“Personal data management is the biggest challenge for all of us.”

An interview with Romain Roy, VP Marketing & Trading at PerfectStay

VP Customer Experience

Time to read12 min read
January 23, 2023

PerfectStay has been a Tinyclues customer for several years. A French start-up specializing in B2B travel solutions, we asked Romain Roy, VP Marketing & Trading at PerfectStay, to answer a few questions for us about his vision of CRM and share with us some tips for improving your CRM practices.

Can you introduce yourself in a few words?

Of course. I’ve been working in the digital world, and more precisely in e-travel, for almost twelve years now. I’ve had two quite different experiences, but always in the travel sector: first, a very corporate experience at lastminute.com, a B2C site present all over the world, and a second experience oriented towards start-ups at PerfectStay, still in the travel industry but with a B2B2C model, somewhat different from the first.

What is your role as VP Marketing & Trading at PerfectStay?

At PerfectStay, my role is a little broader than just a marketing role, but my goal is fairly simple: to meet the revenue and margin goals we have for the year for all of our partners. It’s a very macro goal.

To do this, I have my hands in a few different pots. Marketing is one of them, encompassing the acquisition, conversion, activation, and retention strategies. I also manage part of our product development to continuously optimize our platforms, and be as effective as possible. Finally, I have a strong relationship with our Production team because at the heart of what we do is the product we sell. We have to make sure that we offer a service that is in line with what our future customers are looking for.

What are the habits you start your work day with?

I always start my day the same way, with a latte and a review of all the numbers from the day before. I always take ten to fifteen minutes to look at the performance of the previous day in terms of traffic, conversions, revenue, and margin. It’s a little habit I’ve developed that allows me to start my day off right. We have pretty comprehensive Business Intelligence so we have access to a lot of reports, data – that’s what feeds us all and is really part of PerfectStay’s DNA.

Is there a best practice you’d like to share that you’ve implemented recently that has had a positive impact on your work?

I think the crisis we’ve had over the past couple of years with Covid has allowed me to pay more attention to overreaction. Sometimes we tend to overreact when faced with a lot of data. This can have its advantages, to have a clear vision of the state of your business, but it can also have disadvantages.

One of these disadvantages is overreaction. We tend to take immediate action when we see that a KPI is not going in the right direction. For example, on a day when the traffic drops, I will immediately try to understand why I don’t have enough traffic and implement actions. If my conversion rate drops, I will look for the reasons and take action. I think the crisis has exacerbated this trend for many. I myself was very much in overreaction mode earlier on. Lately, I’ve been taking it easy, telling myself that I shouldn’t overreact, that things can happen from one day to the next. The crisis has helped me to take a step back from overreaction, and that’s very positive. The most important thing is to sit down, to dig deeper into your analysis, to see if the problem is structural, and to avoid overreacting.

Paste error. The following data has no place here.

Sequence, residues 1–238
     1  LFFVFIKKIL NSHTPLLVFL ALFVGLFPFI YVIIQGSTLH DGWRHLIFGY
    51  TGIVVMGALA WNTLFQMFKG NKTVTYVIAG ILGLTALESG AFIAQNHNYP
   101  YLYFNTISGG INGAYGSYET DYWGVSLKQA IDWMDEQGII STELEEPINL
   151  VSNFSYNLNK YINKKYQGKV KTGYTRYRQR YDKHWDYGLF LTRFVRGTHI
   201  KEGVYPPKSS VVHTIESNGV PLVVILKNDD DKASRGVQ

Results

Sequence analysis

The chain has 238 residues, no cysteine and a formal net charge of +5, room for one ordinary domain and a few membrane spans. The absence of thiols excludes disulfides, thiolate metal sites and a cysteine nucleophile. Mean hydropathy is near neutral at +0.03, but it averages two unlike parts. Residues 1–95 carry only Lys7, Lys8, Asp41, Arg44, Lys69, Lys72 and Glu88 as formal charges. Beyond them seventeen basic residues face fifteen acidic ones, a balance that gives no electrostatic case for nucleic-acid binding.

Has anyone ever given you advice that you would like to share today?

I was given a lot of advice at the beginning of my career, but I think one of the most interesting pieces of advice was to start by understanding and mastering the operational side of things before wanting to climb up the ladder. When you’re young, you want to grow very quickly, to take on responsibilities. But I think that you are better off when you have had to manage, control, master, and develop the operational side of things at some point. This allows you to gain perspective by understanding the challenges of your team, and I think it can make everyone a better manager. You have to start by “doing” before “getting things done.”

On the other hand, do you remember any bad advice you were given that you shouldn’t have followed?

When I started in marketing, I was focused on two things: ROI and performance. This could sometimes create rivalry with the brand teams, who were more focused on consideration. I had the impression that they were relying on a rather simplistic logic of buying visibility. On our side, we were much more challenged on the ROI part and I thought that my job was the job that would allow my company to make volume. I think this was a mistake and I am even more aware of it today: these are two aspects of the business that totally complement each other.

It’s much more complicated to do performance without having a brand that has a certain awareness. Today, I advocate working on consideration, investing in image, because this has an impact on the entire value chain and on all the acquisition levers that are performance-based. I have several examples today that show that working on a beautiful brand with a good reputation greatly helps improve our KPIs.

In the end, you have to have a global strategy, consider the image as much as the performance levers, in order to have the best results.